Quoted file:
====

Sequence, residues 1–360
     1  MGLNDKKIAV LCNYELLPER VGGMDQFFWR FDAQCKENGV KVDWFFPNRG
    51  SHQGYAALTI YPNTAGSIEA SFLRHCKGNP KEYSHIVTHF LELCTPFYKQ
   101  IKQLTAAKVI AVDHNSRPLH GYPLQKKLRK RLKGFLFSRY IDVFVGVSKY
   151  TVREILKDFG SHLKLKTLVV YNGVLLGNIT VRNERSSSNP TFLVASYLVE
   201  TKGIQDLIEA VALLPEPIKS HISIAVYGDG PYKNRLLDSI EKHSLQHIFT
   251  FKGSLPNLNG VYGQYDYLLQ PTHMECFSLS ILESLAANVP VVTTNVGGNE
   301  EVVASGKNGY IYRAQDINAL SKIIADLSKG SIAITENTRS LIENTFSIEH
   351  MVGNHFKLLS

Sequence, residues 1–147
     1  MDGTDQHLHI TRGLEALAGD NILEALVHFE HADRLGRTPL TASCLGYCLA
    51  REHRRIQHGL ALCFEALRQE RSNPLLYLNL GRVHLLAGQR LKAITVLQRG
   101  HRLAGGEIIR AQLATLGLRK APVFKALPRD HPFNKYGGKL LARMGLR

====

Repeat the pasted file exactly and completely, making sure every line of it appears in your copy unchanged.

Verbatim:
Sequence, residues 1–360
     1  MGLNDKKIAV LCNYELLPER VGGMDQFFWR FDAQCKENGV KVDWFFPNRG
    51  SHQGYAALTI YPNTAGSIEA SFLRHCKGNP KEYSHIVTHF LELCTPFYKQ
   101  IKQLTAAKVI AVDHNSRPLH GYPLQKKLRK RLKGFLFSRY IDVFVGVSKY
   151  TVREILKDFG SHLKLKTLVV YNGVLLGNIT VRNERSSSNP TFLVASYLVE
   201  TKGIQDLIEA VALLPEPIKS HISIAVYGDG PYKNRLLDSI EKHSLQHIFT
   251  FKGSLPNLNG VYGQYDYLLQ PTHMECFSLS ILESLAANVP VVTTNVGGNE
   301  EVVASGKNGY IYRAQDINAL SKIIADLSKG SIAITENTRS LIENTFSIEH
   351  MVGNHFKLLS

Sequence, residues 1–147
     1  MDGTDQHLHI TRGLEALAGD NILEALVHFE HADRLGRTPL TASCLGYCLA
    51  REHRRIQHGL ALCFEALRQE RSNPLLYLNL GRVHLLAGQR LKAITVLQRG
   101  HRLAGGEIIR AQLATLGLRK APVFKALPRD HPFNKYGGKL LARMGLR